About Us

bloggers pic.jpgHere are your Heartland Gardening bloggers (from left to right).

Michael Leach, who worked 14 years as the garden writer for a leading Midwestern daily newspaper,  continues to write garden stories, gives gardening talks, coaches other gardeners and volunteers as a master gardener.  Debra Knapke, aka “The Garden Sage”, is a horticulturist, educator, lecturer, author and new grandmother.    Teresa Woodard, also a master gardener, contributes home and garden stories to regional and national gardening magazines. She is a judge with America in Bloom.

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4 responses to “About Us

  1. Sheryl Capelli

    I live in Va. My knockout roses were transplanted 2 years ago in a sunny area. I am concerned they are diseased. How can I tell? thanks Sheryl Capelli

  2. Debra Knapke

    My first question is: why do you think they are diseased? What are the symptoms? Roses can have a number of problems (although the Knock-Outs are one of the better disease resistant roses), and trying to answer your question without knowing what you have observed would be like trying to write a book. I would be happy to try to answer your question, but I need a couple of clues. — Debra

  3. Robbie Robinson (Clemson Master Gardener)

    Debra Knapke
    I just saw your blog and it’s good to see you are still highly involved with horticulture promotion. As a former student I too am rather active (although I’m 70 and feeling it) in gardening on my 1/4 acre backing up to a sizeable swamp (not a marsh) in SC. I have vegetable garden and garden year around; nothing tastes better than late winter carrots freshly pulled from the ground–no hard freezes here!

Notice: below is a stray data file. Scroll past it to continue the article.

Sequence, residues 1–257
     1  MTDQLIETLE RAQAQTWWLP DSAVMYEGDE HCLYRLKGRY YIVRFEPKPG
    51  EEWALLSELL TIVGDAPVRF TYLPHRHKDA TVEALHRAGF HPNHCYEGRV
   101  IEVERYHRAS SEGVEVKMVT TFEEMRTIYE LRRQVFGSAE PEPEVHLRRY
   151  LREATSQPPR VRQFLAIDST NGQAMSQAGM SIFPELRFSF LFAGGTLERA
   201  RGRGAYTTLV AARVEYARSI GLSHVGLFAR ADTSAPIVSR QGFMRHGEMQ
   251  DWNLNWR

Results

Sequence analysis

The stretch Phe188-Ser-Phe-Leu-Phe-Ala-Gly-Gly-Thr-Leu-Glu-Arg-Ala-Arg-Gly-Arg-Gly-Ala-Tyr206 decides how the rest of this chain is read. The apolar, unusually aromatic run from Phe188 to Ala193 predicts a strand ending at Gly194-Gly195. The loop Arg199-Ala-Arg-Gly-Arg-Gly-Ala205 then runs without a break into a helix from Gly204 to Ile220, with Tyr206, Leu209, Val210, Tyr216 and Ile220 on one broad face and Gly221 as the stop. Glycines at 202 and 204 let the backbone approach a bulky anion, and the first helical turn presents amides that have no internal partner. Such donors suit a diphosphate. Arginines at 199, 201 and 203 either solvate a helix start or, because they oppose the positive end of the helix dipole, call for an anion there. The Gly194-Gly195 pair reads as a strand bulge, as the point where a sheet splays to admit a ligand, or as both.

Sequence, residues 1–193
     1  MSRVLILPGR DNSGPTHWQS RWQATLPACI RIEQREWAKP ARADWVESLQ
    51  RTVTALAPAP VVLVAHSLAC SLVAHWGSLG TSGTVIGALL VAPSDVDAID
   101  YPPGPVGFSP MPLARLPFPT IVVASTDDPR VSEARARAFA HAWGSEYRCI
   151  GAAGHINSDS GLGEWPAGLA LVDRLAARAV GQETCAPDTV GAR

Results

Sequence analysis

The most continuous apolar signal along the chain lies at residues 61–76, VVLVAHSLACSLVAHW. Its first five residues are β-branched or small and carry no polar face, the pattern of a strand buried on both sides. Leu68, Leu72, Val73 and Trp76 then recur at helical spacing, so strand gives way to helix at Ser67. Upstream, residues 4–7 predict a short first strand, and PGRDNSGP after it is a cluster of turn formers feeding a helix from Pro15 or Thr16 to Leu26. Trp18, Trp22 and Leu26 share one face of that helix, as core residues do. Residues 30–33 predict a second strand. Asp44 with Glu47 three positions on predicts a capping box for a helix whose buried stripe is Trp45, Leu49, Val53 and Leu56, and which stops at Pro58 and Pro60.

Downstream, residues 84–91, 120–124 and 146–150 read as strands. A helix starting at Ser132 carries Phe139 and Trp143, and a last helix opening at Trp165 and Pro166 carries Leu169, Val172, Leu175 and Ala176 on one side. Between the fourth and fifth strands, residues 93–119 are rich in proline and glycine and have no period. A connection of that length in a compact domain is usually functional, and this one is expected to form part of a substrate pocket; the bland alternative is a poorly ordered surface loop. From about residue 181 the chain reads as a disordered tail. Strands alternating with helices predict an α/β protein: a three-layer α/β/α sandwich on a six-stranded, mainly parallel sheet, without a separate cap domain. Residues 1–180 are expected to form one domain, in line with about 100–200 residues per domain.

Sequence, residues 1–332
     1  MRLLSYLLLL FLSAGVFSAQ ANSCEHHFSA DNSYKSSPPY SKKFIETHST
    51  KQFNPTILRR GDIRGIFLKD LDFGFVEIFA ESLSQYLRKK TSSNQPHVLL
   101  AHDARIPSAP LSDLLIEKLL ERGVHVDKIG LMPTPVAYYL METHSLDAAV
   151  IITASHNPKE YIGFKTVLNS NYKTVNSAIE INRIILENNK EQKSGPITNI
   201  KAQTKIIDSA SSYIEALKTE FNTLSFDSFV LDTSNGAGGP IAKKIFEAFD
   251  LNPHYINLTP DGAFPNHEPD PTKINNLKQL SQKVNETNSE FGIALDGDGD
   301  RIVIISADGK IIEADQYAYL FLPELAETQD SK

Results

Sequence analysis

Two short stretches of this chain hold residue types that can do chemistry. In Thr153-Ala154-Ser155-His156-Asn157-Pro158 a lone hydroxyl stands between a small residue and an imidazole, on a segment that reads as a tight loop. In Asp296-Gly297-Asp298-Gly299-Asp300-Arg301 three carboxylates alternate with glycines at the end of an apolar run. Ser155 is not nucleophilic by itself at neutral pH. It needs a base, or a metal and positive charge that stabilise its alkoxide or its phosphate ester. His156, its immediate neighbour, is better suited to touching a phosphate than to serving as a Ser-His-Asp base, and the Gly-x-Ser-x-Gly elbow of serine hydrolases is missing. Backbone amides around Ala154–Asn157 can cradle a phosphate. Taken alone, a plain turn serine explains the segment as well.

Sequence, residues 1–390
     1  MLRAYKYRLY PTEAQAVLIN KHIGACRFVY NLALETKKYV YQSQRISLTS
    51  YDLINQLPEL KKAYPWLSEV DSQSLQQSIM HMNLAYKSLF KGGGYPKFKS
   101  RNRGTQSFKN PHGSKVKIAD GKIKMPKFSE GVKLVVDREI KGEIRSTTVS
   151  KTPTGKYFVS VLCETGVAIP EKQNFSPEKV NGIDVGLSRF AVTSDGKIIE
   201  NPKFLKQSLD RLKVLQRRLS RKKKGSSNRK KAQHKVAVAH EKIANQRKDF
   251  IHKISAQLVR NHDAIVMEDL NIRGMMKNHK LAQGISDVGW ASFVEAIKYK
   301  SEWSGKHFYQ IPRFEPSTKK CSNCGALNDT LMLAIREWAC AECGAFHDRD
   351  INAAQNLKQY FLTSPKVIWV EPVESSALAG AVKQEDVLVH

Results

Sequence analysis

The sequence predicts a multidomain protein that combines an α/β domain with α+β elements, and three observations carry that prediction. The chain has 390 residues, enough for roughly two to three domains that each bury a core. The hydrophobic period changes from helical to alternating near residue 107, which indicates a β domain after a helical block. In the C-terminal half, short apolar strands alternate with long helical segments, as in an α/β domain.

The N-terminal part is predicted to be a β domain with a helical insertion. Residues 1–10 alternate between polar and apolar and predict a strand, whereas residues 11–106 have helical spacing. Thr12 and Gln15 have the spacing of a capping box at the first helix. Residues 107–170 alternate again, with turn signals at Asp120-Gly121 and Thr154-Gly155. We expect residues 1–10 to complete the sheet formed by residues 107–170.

What do I have here that I didn’t have in Ohio?;Pindo, Washington and Palmetto palms, rosemary, Japanese aucuba, hardy orange (Poncirus trifoliate–non-edible) and camellias etc.
    Ya’all come down and see us sometime.
    Oh yes, I’m a 3X grandparent. Congrats, it’s great isn’t it!

  4. Debra

    Robbie!!! so nice to hear from you. And, we have three grandchildren (now), too. A lot is going on and yes, horticulture is a very large part of my life; after family. I envy you the year-round glory of rosemary and camellias. And… Poncirus is edible: used as a medicinal in China, the rind is candied and I think the juice has been used to make jelly.

    wishing you a beautiful and healthy holiday season.

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